Homie Bites: Difficulty Modes and Framing Language in Games

Welcome to Homie Bites, homie. It’s the very first iteration of our new, short, bite-sized little advocacies in games. We generally go pretty hard on various gaming analysis in our articles (AKA, they’re thick as all hell), but these lil guys are intended to be a bit quicker and a tad easier to digest, but still provoking in thought.

Get a chomp on these tidbits:

**Difficulty Modes: Language Framing**

As a big fan of customization in games, choosing a difficulty is a pretty important element to embarking on the ideal single player journey. The presentation of those difficulties can be purely descriptive, but can also be packed with judgement. Easy/Normal/Hard/Extreme tend to pack an implicit connotation.

Some games, like Wolfenstein: The New Order, actively try to make players feel bad for choosing an easier difficulty. Kinda disparaging to read “very easy difficulty for the spineless gamer”.


The power of language and the power of imagery combine to make anyone who’s not a masterful FPS gamer feel like a incompetent fuckwit.


Compare this to the recent Shadow Warriors 2, which seems to normalize and validate playing on Easy; it specifically defends one’s decision to play on that difficulty and attempts to relate. Extra bonus points for identifying how the game will function differently.


Shadow Warriors 2 tackles a different approach than Wolfenstein and targets inclusiveness. Instead of alienating an entire profile of gamers, it uses language that attempts to relate to them. Kudos, SW2, kudos.

Rise of the Tomb Raider has classic titles for their difficulty modes and no judgmental language, but they do inform specifically how the game changes: UI and HUD will change, enemy perception, and less consumables are several examples.

Mass Effect was the first game I saw that was doing a story/combat/mix difficulty split. It’s awesome, and I believe actually reduces the amount of story if one chooses the combat-heavy mode. It’s framed per profile, but I think that it also incorporates traditional difficulty choices through easy/normal/hard.


Mass Effect 2 genuinely identifies that gamers have different reasons for playing and maps out one’s potential experience through choice. Actual adjustments to conversations and narrative focus, plus adjustable difficulties in combat give the player an unprecedented amount of choice. Solid shit right here, ME2.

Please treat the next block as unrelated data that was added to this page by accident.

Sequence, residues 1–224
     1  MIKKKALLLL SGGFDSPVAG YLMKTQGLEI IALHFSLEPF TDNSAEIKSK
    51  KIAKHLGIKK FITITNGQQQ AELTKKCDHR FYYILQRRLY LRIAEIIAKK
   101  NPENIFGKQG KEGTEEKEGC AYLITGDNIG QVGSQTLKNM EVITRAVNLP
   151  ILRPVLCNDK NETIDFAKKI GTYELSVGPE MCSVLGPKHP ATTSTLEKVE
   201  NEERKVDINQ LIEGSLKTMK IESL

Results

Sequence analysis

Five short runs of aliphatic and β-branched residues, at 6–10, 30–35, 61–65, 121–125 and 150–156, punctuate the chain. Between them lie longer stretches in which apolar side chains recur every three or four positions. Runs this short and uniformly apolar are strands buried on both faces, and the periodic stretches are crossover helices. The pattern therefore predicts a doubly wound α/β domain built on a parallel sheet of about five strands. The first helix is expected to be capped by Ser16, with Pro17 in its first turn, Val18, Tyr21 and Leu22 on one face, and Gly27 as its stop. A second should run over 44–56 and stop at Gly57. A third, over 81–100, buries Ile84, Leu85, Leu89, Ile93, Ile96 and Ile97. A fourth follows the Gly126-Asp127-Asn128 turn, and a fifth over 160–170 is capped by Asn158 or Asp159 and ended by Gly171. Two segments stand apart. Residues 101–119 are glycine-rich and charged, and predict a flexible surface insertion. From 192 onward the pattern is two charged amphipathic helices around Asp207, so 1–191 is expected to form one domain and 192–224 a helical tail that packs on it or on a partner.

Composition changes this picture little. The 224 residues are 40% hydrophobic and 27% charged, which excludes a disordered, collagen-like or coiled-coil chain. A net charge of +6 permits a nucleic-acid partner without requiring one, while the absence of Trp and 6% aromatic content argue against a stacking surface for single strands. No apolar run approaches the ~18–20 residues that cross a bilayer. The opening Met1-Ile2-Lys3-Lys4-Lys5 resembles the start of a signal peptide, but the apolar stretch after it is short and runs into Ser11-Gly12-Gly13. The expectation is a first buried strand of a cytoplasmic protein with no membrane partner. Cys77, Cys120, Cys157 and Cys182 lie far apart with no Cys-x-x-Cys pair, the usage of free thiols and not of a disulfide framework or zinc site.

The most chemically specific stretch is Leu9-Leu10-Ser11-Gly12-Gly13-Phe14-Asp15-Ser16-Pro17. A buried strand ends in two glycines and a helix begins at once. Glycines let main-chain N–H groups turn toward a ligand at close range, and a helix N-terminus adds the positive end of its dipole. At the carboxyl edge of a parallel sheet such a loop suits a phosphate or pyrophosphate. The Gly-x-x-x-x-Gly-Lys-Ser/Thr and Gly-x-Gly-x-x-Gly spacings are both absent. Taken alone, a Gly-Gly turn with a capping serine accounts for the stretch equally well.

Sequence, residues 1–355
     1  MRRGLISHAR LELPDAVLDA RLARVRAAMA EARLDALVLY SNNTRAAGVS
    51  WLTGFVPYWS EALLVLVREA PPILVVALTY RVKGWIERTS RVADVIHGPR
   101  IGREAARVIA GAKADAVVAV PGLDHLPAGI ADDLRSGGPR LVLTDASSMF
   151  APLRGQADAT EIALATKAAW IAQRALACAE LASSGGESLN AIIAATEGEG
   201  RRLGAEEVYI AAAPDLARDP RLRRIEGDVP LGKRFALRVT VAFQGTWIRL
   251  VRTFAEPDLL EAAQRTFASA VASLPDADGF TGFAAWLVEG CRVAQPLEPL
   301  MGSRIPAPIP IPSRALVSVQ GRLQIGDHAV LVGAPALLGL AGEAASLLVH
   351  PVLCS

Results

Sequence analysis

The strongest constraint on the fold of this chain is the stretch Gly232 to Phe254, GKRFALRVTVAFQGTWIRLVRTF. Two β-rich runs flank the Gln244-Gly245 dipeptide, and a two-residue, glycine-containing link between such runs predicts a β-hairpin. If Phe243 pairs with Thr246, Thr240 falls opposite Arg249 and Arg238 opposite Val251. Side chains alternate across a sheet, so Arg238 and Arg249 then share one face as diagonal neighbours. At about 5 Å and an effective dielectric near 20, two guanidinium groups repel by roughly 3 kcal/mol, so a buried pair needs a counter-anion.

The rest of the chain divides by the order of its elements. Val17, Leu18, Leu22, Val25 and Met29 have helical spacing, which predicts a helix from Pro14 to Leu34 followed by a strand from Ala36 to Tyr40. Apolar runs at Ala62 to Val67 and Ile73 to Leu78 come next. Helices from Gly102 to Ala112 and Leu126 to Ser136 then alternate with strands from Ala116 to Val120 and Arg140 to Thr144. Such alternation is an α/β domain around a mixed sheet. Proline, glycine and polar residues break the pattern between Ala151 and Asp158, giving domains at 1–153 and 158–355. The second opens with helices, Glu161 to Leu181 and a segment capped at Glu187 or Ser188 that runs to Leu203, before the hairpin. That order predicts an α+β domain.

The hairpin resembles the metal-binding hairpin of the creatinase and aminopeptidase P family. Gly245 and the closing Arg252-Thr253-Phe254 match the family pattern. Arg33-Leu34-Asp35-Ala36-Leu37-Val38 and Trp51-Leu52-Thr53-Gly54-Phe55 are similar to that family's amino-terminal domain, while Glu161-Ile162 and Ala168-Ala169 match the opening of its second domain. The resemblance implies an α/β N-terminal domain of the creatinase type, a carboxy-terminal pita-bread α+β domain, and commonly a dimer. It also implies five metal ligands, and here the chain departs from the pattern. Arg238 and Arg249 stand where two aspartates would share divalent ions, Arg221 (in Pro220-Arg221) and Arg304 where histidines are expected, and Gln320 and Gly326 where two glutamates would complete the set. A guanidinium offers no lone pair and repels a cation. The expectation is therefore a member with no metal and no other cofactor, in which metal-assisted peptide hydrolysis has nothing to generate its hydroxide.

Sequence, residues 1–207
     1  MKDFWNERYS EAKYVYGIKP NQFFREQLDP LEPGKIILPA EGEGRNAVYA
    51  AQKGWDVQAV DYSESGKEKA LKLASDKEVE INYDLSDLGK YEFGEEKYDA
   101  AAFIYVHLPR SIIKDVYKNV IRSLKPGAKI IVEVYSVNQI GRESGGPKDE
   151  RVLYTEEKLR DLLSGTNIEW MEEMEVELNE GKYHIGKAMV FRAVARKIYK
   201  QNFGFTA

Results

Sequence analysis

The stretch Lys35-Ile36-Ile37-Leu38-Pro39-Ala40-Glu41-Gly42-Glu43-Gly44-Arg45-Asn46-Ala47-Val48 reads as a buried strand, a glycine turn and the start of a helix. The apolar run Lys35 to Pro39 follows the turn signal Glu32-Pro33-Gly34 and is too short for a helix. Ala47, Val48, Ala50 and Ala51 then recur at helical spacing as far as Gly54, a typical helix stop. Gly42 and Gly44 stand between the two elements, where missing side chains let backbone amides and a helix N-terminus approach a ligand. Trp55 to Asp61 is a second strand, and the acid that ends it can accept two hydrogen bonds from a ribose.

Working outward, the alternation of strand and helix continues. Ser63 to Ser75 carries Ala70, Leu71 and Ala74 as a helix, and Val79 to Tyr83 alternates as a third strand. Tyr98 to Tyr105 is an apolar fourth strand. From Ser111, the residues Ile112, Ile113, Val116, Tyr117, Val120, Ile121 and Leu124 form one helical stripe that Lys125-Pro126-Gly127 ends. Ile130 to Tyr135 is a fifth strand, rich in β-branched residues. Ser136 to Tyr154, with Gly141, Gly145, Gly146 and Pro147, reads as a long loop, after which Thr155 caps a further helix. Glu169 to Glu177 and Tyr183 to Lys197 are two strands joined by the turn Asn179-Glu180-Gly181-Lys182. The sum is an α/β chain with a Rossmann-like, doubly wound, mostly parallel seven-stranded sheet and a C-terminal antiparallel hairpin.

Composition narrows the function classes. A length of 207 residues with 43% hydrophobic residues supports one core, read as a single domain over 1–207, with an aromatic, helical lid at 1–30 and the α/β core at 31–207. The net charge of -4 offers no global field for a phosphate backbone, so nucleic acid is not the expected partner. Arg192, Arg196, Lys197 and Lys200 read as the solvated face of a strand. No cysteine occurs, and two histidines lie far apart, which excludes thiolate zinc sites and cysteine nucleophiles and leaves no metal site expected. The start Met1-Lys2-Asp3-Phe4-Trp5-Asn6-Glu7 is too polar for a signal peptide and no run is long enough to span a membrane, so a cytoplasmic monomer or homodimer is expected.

Deux Ex: Mankind Divided adopted this and does a similar thing with its framing, but it doesn’t actually change the gameplay much apart from combat.


Deus Ex: Mankind Divided identifies both the “way it was meant to be played” as well as adjustments to the game based on profile.

In general I’m all for having more descriptive and customizable difficulty levels. Abstractly, more customization is generally always good.

I’m actually about to go back and play Titanfall 2’s campaign on the Master (hardest) difficulty. Though their meager descriptions on difficulty aren’t of now, they nailed it with their gameplay.

**Gameplay Design Worth Advocating For:**

  • Having various settings is almost always a good thing.
  • Game modes should be descriptive beyond their labels and let players know just how the game is changing. This is especially important if HUD, UI, narrative, or learning systems are to be altered from “normal”.
  • Unless specifically trying to alienate a subset of your audience, don’t utilize judgmental language to disincentivize players from playing how they would want. Instead, use language that relates to their experience and validate their gameplay decisions.




All images are screenshots from the respective titles and used for analysis.


Holler at us below if you’ve encountered games that handle difficulty in a meaningful or controversial way!
Posted on reddit with some extended discussion here: https://www.reddit.com/r/Games/comments/5bw640/the_language_and_customization_of_difficulty/